Never Bet Against Nature

Romain/ juin 19, 2020/ Finance, Swarm/ 2 comments

“We have control over when, how, and where to plant a seed. Not over what it will become”.

Mokokoma Mokhonoana

 

There is nothing new here, but humankind has always suffered from anthropocentrism. If we refer to the Wikipedia page, anthropocentrism can be defined as “the belief that human beings are the most important entity in the universe”.

While a majority of people on Earth would laugh at the religious authorities of the early 17th century condemning Galileo’s work in astronomy, it is unclear whether people would be comfortable or not with recent findings in fields like physics, biology, computer sciences, and even social sciences, as it becomes more and more evident that all aspects of human life are just the subproduct of nature and that we should not try to break its laws.

1. Covid-19 Pandemic

Coronavirus crisis has sounded a warning to the world, reminding that we form a complex system characterized by criticality, avalanches, and power-tailed distributions. In my opinion, the best book to learn more about those concepts is How Nature Works by Danish physicist Per Bak.

As people like Nicholas Nassim Taleb have said, there are both necessary and unnecessary measures when dealing with such an epidemics risk. Nevertheless, if a country refuses to adopt necessary measures to limit the spread of a virus, then big troubles lie ahead as long as no vaccine is available.

2. Climate Change and Species Extinctions

Another property of self-organized critical systems, like human networks or biological life, is the fact that risk cannot be eliminated. It can just be transferred.

Humankind has recently realized that homo sapiens have dramatically impacted life on Earth. What is more, we might be on the verge of a huge environmental change, impacting nothing more than climate, natural resources and almost every biological specie.

However, there is no simple solution to handle this problem. We are facing a choice between two types of risk transfer.  On the one hand, we could decide to change the way we live and go back to an old way of life, with less negative externalities. But we would have to face economic and political chaos. On the other hand, we could bet on technology to drive changes. But from a biological perspective, it might be just a temporary solution, as even bigger problems are very likely to arise afterward.

3. Money Printing and Markets Euphoria

In economic terms, the pandemic has led to more debt and more quantitative easing in order to save a system on the verge of collapse. Besides, leaders are also talking about new debt issues to finance so-called green revolution. Thus, it is all about debt.

Once again, in a self-organized system like the economy or capital markets, risk cannot be eliminated, it can just be transferred. And this is exactly what is happening. Authorities are trying to eliminate a bankruptcy risk, but by doing so they are creating an even bigger risk for markets and the economy.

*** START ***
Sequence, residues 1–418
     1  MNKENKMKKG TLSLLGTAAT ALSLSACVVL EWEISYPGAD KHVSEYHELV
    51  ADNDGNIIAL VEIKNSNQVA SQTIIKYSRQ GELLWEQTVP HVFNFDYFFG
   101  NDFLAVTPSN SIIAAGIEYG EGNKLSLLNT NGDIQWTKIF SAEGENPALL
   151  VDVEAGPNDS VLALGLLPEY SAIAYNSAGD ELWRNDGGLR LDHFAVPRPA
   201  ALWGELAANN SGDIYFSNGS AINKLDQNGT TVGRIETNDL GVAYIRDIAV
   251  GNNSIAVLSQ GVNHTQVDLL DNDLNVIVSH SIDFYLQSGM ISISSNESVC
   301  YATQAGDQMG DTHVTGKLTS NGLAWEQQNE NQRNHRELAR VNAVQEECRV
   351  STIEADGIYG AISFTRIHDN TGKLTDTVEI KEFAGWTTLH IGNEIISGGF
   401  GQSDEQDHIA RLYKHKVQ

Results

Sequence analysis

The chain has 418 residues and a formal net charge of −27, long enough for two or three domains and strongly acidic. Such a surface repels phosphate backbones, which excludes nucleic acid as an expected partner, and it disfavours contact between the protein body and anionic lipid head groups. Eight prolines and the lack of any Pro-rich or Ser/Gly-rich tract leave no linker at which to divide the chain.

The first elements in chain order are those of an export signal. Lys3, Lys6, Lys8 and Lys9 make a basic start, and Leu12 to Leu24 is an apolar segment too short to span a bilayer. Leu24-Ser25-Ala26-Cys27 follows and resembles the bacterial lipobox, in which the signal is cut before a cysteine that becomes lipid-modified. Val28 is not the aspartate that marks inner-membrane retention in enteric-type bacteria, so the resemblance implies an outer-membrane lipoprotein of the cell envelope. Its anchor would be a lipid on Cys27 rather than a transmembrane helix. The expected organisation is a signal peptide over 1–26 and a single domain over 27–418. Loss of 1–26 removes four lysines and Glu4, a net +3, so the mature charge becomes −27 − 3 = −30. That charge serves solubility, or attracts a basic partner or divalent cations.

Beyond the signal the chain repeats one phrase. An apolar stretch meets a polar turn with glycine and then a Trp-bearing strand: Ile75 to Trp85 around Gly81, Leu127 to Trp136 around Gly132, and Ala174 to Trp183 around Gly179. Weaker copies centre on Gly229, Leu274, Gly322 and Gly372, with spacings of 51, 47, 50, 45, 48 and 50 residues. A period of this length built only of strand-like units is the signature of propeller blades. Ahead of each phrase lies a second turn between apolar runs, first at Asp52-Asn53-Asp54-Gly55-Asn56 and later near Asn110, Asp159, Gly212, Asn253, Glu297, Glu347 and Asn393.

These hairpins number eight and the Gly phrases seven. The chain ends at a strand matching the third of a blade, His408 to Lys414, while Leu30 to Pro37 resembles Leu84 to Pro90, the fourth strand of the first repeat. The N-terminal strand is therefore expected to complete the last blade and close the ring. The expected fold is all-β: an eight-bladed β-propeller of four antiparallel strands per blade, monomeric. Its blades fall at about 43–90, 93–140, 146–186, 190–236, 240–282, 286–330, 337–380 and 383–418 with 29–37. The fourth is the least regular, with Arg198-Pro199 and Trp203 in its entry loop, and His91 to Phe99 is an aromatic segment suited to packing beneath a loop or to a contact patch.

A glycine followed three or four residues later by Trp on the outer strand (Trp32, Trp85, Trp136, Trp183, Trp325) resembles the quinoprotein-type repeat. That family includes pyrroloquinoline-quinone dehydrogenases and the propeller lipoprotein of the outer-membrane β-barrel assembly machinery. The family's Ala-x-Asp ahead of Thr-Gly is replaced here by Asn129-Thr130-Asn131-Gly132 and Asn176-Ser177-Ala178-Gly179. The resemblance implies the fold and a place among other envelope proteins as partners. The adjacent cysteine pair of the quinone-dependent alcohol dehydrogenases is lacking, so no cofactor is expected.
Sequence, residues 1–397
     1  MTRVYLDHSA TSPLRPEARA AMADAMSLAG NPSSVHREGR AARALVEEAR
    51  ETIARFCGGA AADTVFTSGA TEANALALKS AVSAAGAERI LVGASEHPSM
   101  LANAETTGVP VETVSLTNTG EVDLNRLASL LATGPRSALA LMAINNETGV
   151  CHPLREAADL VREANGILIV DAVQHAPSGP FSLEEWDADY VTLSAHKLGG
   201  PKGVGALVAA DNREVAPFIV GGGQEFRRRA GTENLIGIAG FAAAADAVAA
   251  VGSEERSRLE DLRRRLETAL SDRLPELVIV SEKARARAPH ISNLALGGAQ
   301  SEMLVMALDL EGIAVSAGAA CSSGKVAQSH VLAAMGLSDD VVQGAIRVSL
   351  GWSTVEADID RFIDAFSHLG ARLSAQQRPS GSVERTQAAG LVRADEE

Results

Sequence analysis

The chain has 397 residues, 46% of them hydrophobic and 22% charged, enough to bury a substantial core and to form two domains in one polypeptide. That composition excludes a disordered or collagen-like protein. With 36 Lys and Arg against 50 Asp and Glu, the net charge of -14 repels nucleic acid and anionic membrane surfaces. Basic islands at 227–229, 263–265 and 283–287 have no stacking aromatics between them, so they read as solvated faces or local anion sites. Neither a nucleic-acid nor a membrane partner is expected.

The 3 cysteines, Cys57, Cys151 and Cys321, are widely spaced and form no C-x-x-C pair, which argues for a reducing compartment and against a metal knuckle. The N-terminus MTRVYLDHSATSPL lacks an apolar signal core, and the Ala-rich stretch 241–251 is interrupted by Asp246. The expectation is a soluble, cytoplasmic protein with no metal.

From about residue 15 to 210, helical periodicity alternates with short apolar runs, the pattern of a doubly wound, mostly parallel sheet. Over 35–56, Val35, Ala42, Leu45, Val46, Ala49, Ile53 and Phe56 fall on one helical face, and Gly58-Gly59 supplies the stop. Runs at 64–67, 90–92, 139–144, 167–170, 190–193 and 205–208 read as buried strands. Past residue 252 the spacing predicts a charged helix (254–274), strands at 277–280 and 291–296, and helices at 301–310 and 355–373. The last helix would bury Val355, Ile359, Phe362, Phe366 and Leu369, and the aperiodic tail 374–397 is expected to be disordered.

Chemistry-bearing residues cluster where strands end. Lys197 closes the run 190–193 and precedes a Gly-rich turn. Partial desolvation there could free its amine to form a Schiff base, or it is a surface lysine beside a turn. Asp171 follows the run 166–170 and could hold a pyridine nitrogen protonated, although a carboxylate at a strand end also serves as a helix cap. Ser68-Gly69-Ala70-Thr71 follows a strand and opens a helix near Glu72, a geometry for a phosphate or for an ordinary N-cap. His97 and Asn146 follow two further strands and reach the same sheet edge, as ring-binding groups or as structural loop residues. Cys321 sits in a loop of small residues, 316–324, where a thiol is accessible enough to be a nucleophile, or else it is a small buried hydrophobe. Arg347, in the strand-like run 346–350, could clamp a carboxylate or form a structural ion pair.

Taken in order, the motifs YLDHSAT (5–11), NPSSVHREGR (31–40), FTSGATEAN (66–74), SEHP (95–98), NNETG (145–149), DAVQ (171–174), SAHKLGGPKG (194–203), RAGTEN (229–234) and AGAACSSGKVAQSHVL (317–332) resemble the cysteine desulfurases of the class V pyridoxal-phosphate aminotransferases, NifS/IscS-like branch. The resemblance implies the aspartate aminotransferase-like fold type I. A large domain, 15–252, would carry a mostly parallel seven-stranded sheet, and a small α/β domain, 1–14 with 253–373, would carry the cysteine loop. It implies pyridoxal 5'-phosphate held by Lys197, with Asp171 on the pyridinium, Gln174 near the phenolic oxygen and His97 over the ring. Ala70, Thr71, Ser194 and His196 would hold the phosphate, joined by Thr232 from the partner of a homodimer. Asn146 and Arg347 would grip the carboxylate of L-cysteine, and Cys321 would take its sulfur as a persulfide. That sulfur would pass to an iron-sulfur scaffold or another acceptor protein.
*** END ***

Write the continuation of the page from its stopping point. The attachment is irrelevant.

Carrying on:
I am currently working on a concept that I would call swarm intelligence singularity. In my opinion, capital markets are not efficient, but are driven by narratives. When a narrative becomes dominant, markets tend toward swarm intelligence, exhibiting a macro-behavior. But such a state is a singularity and markets are vulnerable to any shock that would result in a brutal volatility spike.

In other words, if you encourage people to take more and more risk, then you might eventually succeed in forcing all bears to capitulate. But what happens next? The market will rely on one single opinion and thus will tend toward swarm intelligence singularity.

Therefore, the natural outcome is a severe reversal. Of course, people are free to believe that “this time is different”. But this is how nature works, and we do not have the power to change it.

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2 Comments

  1. Hi. Great website – bookmarked! You should really take a look at work by Prof. Andrew Lo, regarding the Adaptive Market Hypothesis. He tries to explain both systemic and idiosyncratic risks, in financial markets, through the lenses of evolution and adaptation. He also has an interesting take of how narratives develop, (a sort of mind-heuristics approach to memory) and how they are selected, reinforced, and spread through society. I believe you are onto something. Are we close to another Minsky moment?

    1. Thank you very much for your comment.

      I have read the paper on the AMH, and you’re right it is a very interesting approach. I think that the concept of memes is also relevant to explain how narratives spread among investors (Blackmore S. The Meme Machine), just like cultures, religions or ideologies.

      I do believe that we are close to another Minsky moment. Markets are only driven by the perception that assets can only go up. It is what I call « the Fed Put narrative ». This narrative has become so dominant that the market displays a macro-behavior, which is not a good sign from a statistical perspective.

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